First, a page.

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Slammerkin: Book Review

Slammerkin by Emma Donoghue
Slammerkin by Emma Donoghue. Image from Amazon.

What’s it about?

London in the eighteenth century was no place to be a poor young girl with high hopes.

Mary Saunders likes fancy clothes. She wants to be rich and fashionable, but as a young girl, she does not realise where her dreams will take her. Plummeting into the world of prostitution at only 13 years old, Mary’s life is soon plagued by disease, debts, and dangers to her very existence.

Escaping to Monmouth, her mother’s hometown, Mary starts a new life as a maid in Mrs Jones’s house. But no matter how much this safety should please her, her hunger for something better never wanes. Her past is catching up with her. Soon, she will discover the cost of desiring what a girl of her class should never dare.

My Thoughts

I read Slammerkin in 4 days whilst on honeymoon. I can only say one thing: I loved it.

I could not describe it as a typical mystery (at the start, we only wonder why she has ended up in prison) and neither could it be termed a thriller, but it was certainly dark and gothic. The era came to life, with pages packed full of delicious descriptions of scary city streets, quaint towns, and gorgeous and garish gowns. A sense of doom seeped through the pages, drawing me in. In many ways an unlikeable character, I found Mary fascinating, funny, soft-hearted, and pitiable. What girl would choose to live a life of poverty in an unloving home? I certainly could not blame her for wanting more – don’t we all?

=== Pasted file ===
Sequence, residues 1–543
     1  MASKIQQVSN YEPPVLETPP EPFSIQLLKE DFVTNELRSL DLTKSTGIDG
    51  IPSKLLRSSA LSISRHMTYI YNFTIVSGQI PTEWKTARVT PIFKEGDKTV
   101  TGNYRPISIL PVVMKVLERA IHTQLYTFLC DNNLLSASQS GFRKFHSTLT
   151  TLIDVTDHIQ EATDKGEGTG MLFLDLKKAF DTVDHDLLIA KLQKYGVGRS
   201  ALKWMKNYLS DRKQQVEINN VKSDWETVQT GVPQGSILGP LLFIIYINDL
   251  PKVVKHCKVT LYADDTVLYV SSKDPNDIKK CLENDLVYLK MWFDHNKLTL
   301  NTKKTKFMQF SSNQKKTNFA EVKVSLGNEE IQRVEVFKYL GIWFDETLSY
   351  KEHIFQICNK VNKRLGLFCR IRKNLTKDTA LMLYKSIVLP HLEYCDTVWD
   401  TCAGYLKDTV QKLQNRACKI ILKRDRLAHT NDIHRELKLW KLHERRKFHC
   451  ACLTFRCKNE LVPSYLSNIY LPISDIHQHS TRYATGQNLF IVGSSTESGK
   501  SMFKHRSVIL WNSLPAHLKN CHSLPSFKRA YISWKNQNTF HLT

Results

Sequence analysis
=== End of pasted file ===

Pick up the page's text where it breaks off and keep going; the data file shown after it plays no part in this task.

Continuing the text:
This is not a book for the faint-hearted. You will step into the slums of London and you will not come out the same. You will route for Mary to overcome her obstacles, all the while knowing it is impossible. The stark reality is brutal in this book, and serves as a reminder for what we have fought for and what we are still fighting for as women in society.

The author note at the end was also interesting. This book was inspired by a real murder on the Welsh Borders in 1763, and the writer has shown us a possible version of why it might have happened. Some other real life characters pop up in this story, and not only does it tackle issues of poverty and female inequality, but also racism and slavery, infant mortality, grief, and the mistreatment by and the hypocrisy of people in positions of power.


There are just so many! But here are a few of my favourites:

“In candlelight she stood as magnificent as ever, but at noon her face hung like pale leather. There were tuppence bunters on the street as old as thirty, Mary knew: one of them was half mad from the mercury she’d taken to cure her syphilitic pox. If you were still there at forty, it was under the ground, not over it.”

“Now she was paying attention, Mary realised that the air had been full of the crows’ rapid grumble all morning. Such a sore cawing; a shallow abrasion of the throat that seemed to expect no acknowledgment, no answer, certainly no consolation. She wondered what was grieving them. The scarcity of worms? The long wait for spring? The fact that they hadn’t been born peacocks?”

“It came to Daffy then, how easily the worst in oneself could rise up and strike a blow. How even the most enlightened man had little power over his own darkness.”

Recommended for:

Fans of dark historical fiction inspired by and featuring some real-life characters. Those who like to see the underbelly of life and all its enthralling ugliness. Fans of Sarah Waters. People who don’t need a happy ending. Perhaps even those who enjoyed my own book, The Button Maker.

About the author

Probably most famous for her novel, Room (another book I loved), Emma Donoghue writes for both adults and children, and both contemporary and historical fiction. She has written novels, short stories, and scholarly books, as well as drama for the screen, stage, and radio.

Find out all about her and her work on her website.


About the author

Delphine Woods

Delphine Woods

Delphine Woods is an author who loves to write historical mysteries and thrillers. 

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